Research ArticleBONE REPAIR

Adenosine A2A Receptor Activation Prevents Wear Particle–Induced Osteolysis

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Science Translational Medicine  23 May 2012:
Vol. 4, Issue 135, pp. 135ra65
DOI: 10.1126/scitranslmed.3003393

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Agonist Abates Bone Destruction

Surgeons perform tens of thousands of total hip replacements per year in the United States. Despite the prevalence of hip implants, they often loosen over time, making the patient return to the surgeon for a revision procedure, typically involving implant removal. Prosthesis loosening has been associated with a breakdown of the implant materials into tiny wear particles, which leads to inflammation in the joint and destruction of the bone (“pitting”) via the small signaling molecule adenosine. Mediero and colleagues have now found that by stimulating the adenosine A2A receptor (A2AR), they can prevent wear particle–induced bone damage and inflammation at the implant site.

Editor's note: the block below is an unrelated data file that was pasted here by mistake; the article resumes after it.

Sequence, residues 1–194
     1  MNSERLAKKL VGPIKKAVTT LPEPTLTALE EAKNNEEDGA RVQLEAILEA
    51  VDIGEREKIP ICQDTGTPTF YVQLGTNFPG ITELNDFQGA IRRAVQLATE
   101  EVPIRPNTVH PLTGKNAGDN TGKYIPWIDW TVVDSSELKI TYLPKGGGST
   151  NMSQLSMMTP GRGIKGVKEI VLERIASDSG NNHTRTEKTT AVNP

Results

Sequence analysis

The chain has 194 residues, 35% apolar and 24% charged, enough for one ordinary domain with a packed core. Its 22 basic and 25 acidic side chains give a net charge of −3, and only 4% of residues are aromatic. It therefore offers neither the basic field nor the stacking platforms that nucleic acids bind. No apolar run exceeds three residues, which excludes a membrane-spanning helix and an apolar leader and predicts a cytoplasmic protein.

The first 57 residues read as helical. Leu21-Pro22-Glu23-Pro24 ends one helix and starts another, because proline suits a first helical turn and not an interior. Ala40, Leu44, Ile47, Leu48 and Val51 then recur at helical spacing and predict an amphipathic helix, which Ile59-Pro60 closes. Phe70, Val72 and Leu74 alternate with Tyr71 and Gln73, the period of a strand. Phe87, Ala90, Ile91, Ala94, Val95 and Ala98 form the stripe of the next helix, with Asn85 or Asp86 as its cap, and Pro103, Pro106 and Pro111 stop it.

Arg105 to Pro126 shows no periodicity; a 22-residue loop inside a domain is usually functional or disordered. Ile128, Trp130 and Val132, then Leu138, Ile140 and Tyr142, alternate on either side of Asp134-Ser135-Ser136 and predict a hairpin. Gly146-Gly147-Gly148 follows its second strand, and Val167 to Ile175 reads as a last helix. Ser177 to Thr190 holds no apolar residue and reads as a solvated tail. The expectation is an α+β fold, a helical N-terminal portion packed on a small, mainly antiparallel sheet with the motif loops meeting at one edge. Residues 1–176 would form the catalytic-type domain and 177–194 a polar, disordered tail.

To simulate wear particle exposure, the authors injected mice with ultrahigh–molecular weight polyethylene (UHMWPE) particles. After 2 weeks, these mouse calvaria showed pitting and increased porosity compared to particle-free mice. Giving the mice CGS21680, an adenosine A2AR agonist, at the same time as the wear particles reduced bone destruction and inflammation. Mechanism was confirmed in A2AR knockout mice, where the agonist had no effect on bone pitting. CGS21680 also inhibited differentiation of human-derived osteoclast precursor cells (from the bone marrow of four patients) into osteoclasts—the cell type that chews up bone. This suggests that the agonist will have a similar effect on human cells and could be used to prevent wear particle–induced damage in people, although only future clinical trials will confirm this. The authors indicate that this agonist could be included in bone cement or as a coating on prostheses to exert its bone-protective effects over time and thus prevent painful revision procedures.

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